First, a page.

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Thursday, February 09, 2012

Judge to Probe Khmer Rouge Case Despite Cambodian Resistance

An international judge attached to Cambodia's Khmer Rouge war crimes tribunal says he has begun investigating a new case of suspected atrocities, without the support of his Cambodian co-investigating judge.

Swiss Judge Laurent Kasper-Ansermet, in a statement Thursday from Phnom Penh, said he does not need the approval of Cambodian colleague You Bunleng to move forward with the new probe. Details of the new case have not been released.

Kasper-Ansermet has the backing of the United Nations in the escalating dispute with the Cambodian government, which has sought to block the jurist from assuming his post and to limit the scope of tribunal investigations.

Kasper-Ansermet was named by the world body to fill the vacancy created when German judge Siegfried Blunk quit the tribunal last year to protest alleged Cambodian interference in judicial matters.

The tribunal has so far convicted former Khmer Rouge prison chief Kaing Guek Eav, better known as Duch. It is currently trying the three most senior surviving members of the regime, who face genocide and other charges in the deaths of up to 2 million people during the regime's 1975-1979 reign.

The Cambodian government includes many former Khmer Rouge members, including Prime Minister Hun Sen. It has voiced strong opposition to pursuing more cases, saying any further prosecutions could divide Cambodian society and spark a civil war. The government also argues that the tribunal's mandate is limited to cases against top Khmer Rouge leaders and those most responsible for atrocities.

For their part, both prosecutors and defense lawyers have for months complained of government interference in judicial matters and accused Cambodian members of the tribunal of failing to pursue other cases against key war crimes suspects.

In October, defense lawyers for defendant Nuon Chea, the number two Khmer Rouge leader, accused the prime minister and several other officials of interfering with their client's right to a fair trial. The lawyers said the interference included unlawfully blocking witnesses from testifying as well as government pressure aimed at preventing new investigations.

The government has denied the accusations.
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Viewpoint: Cambodia's garment sector faces continued challenges

With much of the success of Cambodia's garment industry based on its well-publicised commitment to basic labour standards, it's perhaps not surprising that the sector finds itself under a spotlight when it comes to wider worker welfare issues.

Indeed, several events that have taken place in recent weeks highlight some of the challenges faced by the local industry.

The most recent has been a two-day "people's tribunal", which took place this week in Phnom Penh to investigate pay and conditions at factories making clothes for brands including Adidas, Puma, H&M and Gap.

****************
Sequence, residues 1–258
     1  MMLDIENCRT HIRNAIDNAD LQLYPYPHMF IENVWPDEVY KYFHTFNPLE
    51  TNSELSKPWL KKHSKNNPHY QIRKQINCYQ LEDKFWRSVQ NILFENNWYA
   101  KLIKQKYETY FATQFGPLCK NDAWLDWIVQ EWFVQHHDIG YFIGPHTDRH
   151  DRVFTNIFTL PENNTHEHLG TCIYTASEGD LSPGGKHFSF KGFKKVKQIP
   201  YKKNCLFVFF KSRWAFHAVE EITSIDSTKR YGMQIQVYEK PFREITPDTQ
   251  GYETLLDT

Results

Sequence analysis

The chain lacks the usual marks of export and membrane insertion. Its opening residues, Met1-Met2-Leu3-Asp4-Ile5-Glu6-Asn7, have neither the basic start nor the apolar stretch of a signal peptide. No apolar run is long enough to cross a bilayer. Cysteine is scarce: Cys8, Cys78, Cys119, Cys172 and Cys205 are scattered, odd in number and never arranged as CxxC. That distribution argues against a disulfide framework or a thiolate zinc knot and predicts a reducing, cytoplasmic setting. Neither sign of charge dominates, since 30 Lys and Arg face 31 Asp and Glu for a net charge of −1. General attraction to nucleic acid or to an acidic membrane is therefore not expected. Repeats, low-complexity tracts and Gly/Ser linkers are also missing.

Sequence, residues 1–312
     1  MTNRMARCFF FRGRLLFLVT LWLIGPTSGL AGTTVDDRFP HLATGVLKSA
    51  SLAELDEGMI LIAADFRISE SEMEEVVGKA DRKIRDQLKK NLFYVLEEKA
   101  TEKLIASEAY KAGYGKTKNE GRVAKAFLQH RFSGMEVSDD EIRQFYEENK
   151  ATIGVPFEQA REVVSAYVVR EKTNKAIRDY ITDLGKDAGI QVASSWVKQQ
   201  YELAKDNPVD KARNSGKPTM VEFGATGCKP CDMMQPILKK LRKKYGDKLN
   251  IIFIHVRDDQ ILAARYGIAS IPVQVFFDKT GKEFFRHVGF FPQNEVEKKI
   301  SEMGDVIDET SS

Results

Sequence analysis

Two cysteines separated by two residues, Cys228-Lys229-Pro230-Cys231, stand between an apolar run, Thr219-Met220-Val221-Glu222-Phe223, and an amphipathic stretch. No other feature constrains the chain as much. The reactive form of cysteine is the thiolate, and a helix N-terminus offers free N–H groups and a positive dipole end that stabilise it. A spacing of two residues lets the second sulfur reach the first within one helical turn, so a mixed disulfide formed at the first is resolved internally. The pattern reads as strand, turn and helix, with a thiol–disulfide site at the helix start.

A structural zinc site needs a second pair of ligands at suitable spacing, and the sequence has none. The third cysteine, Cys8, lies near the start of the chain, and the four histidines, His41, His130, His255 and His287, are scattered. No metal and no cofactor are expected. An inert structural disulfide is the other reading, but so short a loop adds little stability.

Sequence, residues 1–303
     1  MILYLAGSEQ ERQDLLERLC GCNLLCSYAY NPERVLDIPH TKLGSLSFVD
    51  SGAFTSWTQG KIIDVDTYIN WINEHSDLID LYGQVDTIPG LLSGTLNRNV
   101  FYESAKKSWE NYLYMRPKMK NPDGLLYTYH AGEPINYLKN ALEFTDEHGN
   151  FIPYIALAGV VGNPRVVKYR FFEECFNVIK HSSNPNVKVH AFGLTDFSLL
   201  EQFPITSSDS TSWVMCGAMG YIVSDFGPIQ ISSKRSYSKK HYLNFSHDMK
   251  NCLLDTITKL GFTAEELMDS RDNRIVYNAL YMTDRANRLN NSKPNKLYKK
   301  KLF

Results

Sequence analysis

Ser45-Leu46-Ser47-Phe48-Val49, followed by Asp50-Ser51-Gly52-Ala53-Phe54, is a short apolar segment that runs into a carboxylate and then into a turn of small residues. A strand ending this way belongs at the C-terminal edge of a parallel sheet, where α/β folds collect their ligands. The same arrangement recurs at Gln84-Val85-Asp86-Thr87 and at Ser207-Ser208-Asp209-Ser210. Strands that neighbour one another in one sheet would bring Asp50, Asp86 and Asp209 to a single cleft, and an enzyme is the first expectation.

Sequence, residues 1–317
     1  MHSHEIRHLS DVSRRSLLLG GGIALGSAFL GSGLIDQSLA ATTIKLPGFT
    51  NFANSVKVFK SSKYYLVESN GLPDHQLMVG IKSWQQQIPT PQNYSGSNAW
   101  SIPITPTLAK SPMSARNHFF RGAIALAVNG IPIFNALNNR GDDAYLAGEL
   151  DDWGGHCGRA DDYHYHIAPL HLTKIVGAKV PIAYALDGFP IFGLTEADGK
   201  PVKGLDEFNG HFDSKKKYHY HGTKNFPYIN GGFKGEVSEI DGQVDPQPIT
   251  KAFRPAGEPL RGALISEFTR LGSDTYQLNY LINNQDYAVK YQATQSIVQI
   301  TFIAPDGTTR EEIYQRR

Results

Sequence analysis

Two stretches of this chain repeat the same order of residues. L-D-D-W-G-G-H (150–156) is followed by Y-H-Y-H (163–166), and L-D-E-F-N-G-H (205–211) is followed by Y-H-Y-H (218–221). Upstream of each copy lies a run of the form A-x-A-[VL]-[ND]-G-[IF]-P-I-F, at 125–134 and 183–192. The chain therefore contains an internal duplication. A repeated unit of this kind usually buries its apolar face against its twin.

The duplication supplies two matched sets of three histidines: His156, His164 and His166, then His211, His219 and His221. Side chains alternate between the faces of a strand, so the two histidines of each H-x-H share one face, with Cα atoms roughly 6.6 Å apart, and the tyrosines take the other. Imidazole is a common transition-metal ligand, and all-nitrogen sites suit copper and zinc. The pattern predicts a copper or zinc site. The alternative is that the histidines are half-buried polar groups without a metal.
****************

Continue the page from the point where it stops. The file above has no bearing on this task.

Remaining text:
Spurred by a spate of mass faintings in at least 11 garment factories over the past year - which have been linked to low salaries and the knock-on impact on workers' nutrition, as well as poor ventilation and excessive working hours - the hearing called on international brands and retailers to take "immediate steps" to commit to a living wage for factory workers.

The minimum wage for Cambodia's garment workers rose by $5 to $66 a month in January, but remains among the lowest in Asia. Massive inflation has also meant Cambodian garment workers have seen a real wage loss of over 14% during the last 12 years.

Harrowing testimonies included one from a 27-year-old worker, a mother of a two-year-old son, working at a factory producing for Adidas. "As my income is not able to cover all my family's basic needs, I took a loan from the landlord," she explained.

"I owe him $50 in addition to $10 interest every month. Usually I can only pay the $10 interest and not start paying back the loan. If I get sick I don't have any money for treatment. I don't know what I will do if it happens. I also worry that I don't have money to support my son in going to school."

Delicate balancing act
Comments like this reflect the delicate balancing act facing international brands and retailers for whom Cambodia appeals as an ethically sound production base thanks to a monitoring programme overseen by the International Labour Organisation (ILO) - combined with the added advantage of low costs.

The industry is growing fast, with data from the Ministry of Commerce showing garment exports from Cambodia rose to US$3.47bn during the first ten months of 2011, an increase of 34% compared with the same period the year before.

And a new report from the ILO's Better Factories Cambodia initiative shows employment in exporting garment factories has reached its highest level since 2008.

There are now 345,364 workers in the 300 active factories registered with the project - a rise of 9% in the number of factories, and a 7% increase in the size of the workforce, in the six months to 31 October 2011. Fewer than 91% of the workers are women.

But while the "27th Synthesis Report on Working Conditions in Cambodia's Garment Sector" notes the industry "has demonstrated consistent compliance on indicators such as payment of the proper minimum wage and overtime wages and provision of annual leave," there is no room for complacency.

In particular it points out that "improvements can be made in other areas that contribute to the health and welfare of workers" - including triggers that may have contributed to the mass faintings, which have so far seen more than 1500 workers collapse during working hours.

Possible causes, the report notes, include poor nutrition and hygiene, the lack of a morning meal, heat stress, poor ventilation, excessive working hours, poor industrial relations and "mass psychogenic behaviour" in which one worker falls unconscious and others who witness this collapse as well.